On International Safe Abortion Day, women demand access to abortion through strong public health systems

On September 28, health and women’s rights activists are mobilizing to demand universal access to safe abortion and an end to the persecution of reproductive justice advocates

September 28, 2023 by Peoples Health Dispatch
Protesters holding placard reading “What’s the cost of reproductive rights?” during March 8 rally, Zagreb, Croatia. Photo: Aktiv

On September 28, health and women’s rights activists worldwide commemorate International Safe Abortion Day, warning against the persisting disparities in access to sexual and reproductive health services in different countries. Numerous international treaties and declarations, such as the 1993 Vienna Declaration, advocate for the universal guarantee of access to safe abortion, and international bodies like the World Health Organization (WHO) actively promote this cause, yet countless women continue to face barriers when seeking this essential health care service.

As part of a global call to action, this year, activists are rallying for the universal decriminalization of abortion, improved access to high-quality post-abortion care, the inclusion of medical abortion pills on national essential medicines lists, and an end to the persecution of reproductive justice advocates, among other objectives. Although there have been notable advancements in safe abortion provision over the past five years, as recently seen in Mexico, many countries still do not provide universal access to abortion services.

On the occasion of International Safe Abortion Day, the feminist collective fAktiv brought a situation report from hospitals in Croatia. The data they collected shows that the majority of gynecologists in some of the country’s biggest hospital centers, including the University Hospital Center Zagreb and the University Hospital Split, refuse to provide abortions citing so-called conscientious objections. In addition to that, the price of abortion remains highly prohibitive. In some cases, the cost of an abortion amounts to half of the national minimum wage (560 euros), putting it out of the reach of working-class women.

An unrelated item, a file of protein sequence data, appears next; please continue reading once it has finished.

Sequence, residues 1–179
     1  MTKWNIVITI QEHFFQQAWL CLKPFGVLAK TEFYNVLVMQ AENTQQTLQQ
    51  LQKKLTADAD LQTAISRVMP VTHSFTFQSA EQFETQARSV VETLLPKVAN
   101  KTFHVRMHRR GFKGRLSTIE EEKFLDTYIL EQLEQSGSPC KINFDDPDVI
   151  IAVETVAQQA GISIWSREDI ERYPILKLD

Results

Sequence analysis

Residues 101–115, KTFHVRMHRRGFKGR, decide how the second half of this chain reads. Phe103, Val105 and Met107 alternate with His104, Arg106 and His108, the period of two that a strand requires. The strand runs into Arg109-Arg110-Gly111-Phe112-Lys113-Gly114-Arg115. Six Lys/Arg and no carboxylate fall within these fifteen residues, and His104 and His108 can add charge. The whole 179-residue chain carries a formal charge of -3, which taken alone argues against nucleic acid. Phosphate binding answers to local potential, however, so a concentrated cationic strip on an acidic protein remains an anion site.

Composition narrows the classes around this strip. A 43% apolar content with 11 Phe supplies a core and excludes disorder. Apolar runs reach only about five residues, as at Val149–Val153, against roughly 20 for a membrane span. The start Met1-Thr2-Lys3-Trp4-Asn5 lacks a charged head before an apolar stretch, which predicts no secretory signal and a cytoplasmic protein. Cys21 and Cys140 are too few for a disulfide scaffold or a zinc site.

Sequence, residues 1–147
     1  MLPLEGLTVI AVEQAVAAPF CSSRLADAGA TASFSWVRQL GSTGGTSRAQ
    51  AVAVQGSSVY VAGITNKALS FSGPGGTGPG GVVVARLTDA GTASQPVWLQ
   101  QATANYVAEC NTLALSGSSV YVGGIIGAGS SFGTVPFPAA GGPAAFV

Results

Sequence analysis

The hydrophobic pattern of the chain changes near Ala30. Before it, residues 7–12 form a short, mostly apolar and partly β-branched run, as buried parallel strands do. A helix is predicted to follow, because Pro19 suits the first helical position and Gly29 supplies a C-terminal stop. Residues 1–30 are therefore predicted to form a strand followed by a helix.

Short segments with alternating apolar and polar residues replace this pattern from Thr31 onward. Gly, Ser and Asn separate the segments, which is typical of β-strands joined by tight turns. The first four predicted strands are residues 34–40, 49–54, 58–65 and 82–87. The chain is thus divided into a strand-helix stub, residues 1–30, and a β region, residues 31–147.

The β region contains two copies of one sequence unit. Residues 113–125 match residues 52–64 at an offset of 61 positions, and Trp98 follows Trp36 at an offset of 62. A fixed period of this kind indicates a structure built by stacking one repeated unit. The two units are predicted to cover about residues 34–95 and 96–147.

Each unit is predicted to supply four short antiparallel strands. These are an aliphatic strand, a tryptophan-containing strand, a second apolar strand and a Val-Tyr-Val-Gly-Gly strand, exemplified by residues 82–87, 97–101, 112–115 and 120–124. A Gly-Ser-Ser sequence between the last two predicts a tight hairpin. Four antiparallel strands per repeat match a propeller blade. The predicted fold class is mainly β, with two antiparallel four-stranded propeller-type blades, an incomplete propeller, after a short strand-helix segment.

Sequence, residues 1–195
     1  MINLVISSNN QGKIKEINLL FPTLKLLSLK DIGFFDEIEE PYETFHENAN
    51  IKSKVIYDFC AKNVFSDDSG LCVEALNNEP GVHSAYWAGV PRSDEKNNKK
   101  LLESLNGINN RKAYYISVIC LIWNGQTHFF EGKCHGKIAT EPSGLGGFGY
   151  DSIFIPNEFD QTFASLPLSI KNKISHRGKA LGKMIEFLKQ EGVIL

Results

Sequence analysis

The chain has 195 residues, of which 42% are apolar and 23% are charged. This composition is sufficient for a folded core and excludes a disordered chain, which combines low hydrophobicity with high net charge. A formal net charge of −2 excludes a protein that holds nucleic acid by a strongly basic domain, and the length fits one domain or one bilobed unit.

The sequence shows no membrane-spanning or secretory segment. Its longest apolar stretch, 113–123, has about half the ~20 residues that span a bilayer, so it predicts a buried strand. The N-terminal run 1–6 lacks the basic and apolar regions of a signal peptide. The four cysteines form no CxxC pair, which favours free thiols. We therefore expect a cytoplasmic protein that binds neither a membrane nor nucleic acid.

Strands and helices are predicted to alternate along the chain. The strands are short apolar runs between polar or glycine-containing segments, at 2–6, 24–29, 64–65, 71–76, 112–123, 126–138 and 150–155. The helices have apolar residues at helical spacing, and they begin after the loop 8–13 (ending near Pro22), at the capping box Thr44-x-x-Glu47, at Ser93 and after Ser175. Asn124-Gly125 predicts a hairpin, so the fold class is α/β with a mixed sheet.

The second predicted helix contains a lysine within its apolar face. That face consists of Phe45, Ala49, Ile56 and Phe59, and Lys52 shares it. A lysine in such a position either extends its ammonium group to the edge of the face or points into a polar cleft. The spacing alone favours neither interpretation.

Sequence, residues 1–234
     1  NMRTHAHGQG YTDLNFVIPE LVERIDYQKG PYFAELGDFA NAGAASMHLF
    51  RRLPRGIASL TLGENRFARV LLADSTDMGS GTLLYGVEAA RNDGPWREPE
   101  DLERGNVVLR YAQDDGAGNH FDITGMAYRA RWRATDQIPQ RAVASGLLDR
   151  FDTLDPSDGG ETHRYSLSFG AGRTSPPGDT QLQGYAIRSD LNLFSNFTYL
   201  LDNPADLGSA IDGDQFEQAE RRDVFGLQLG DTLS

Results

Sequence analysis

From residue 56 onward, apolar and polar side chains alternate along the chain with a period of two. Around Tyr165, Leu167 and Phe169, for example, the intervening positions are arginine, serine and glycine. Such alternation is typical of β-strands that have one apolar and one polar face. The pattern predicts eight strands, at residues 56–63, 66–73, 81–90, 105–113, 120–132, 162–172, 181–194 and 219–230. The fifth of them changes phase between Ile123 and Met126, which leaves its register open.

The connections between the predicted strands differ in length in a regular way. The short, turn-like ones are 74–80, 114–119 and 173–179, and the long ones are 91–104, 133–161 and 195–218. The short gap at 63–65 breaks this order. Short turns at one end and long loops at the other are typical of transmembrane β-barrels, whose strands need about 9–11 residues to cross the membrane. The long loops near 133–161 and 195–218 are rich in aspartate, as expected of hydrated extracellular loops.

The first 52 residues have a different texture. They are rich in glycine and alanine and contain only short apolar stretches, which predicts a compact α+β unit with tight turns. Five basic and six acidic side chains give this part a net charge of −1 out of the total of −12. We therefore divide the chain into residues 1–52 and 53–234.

Read | Mexico’s Supreme Court decriminalizes abortion nationally in landmark ruling

Other countries have moved in an even more dangerous direction. A recent report by Human Rights Watch has exposed the extreme persecution carried out by the Polish state against women, their families, and health workers allegedly involved in illegal abortion procedures. Access to abortion in Poland suffered a severe blow in 2020 when the Constitutional Tribunal criminalized abortion in cases of incurable, life-threatening fetal illnesses. With this, it eliminated a provision that offered the basis for nearly 90% of abortions at the time.

Following this ruling, the atmosphere took a sinister turn, described by Human Rights Watch as a true witch hunt, with women and doctors facing harassment and intimidation by law enforcement regardless of the legality of the healthcare they received or provided. Because of the restrictions, at least six women lost their lives as their doctors hesitated to terminate pregnancies despite complications, driven by fear of becoming targets of authorities.

Read | Polish women intensify protests demanding repeal of ban on abortions

Widespread evidence shows that criminalizing abortion does not diminish demand for the procedure. Instead, it forces people to resort to procedures in unsafe and unsanitary conditions, placing their lives in danger. Rather than criminalizing this crucial form of care, it is crucial to expand healthcare services and allocate increased resources, particularly towards sexual and reproductive health and maternal health policies, said activists on the occasion of this year’s International Safe Abortion Day.

The Sexual Rights Initiative and allies stated: “We call on all states to fully decriminalize abortion, ensuring the right to safe and legal abortion through a robust and strengthened public health system.”

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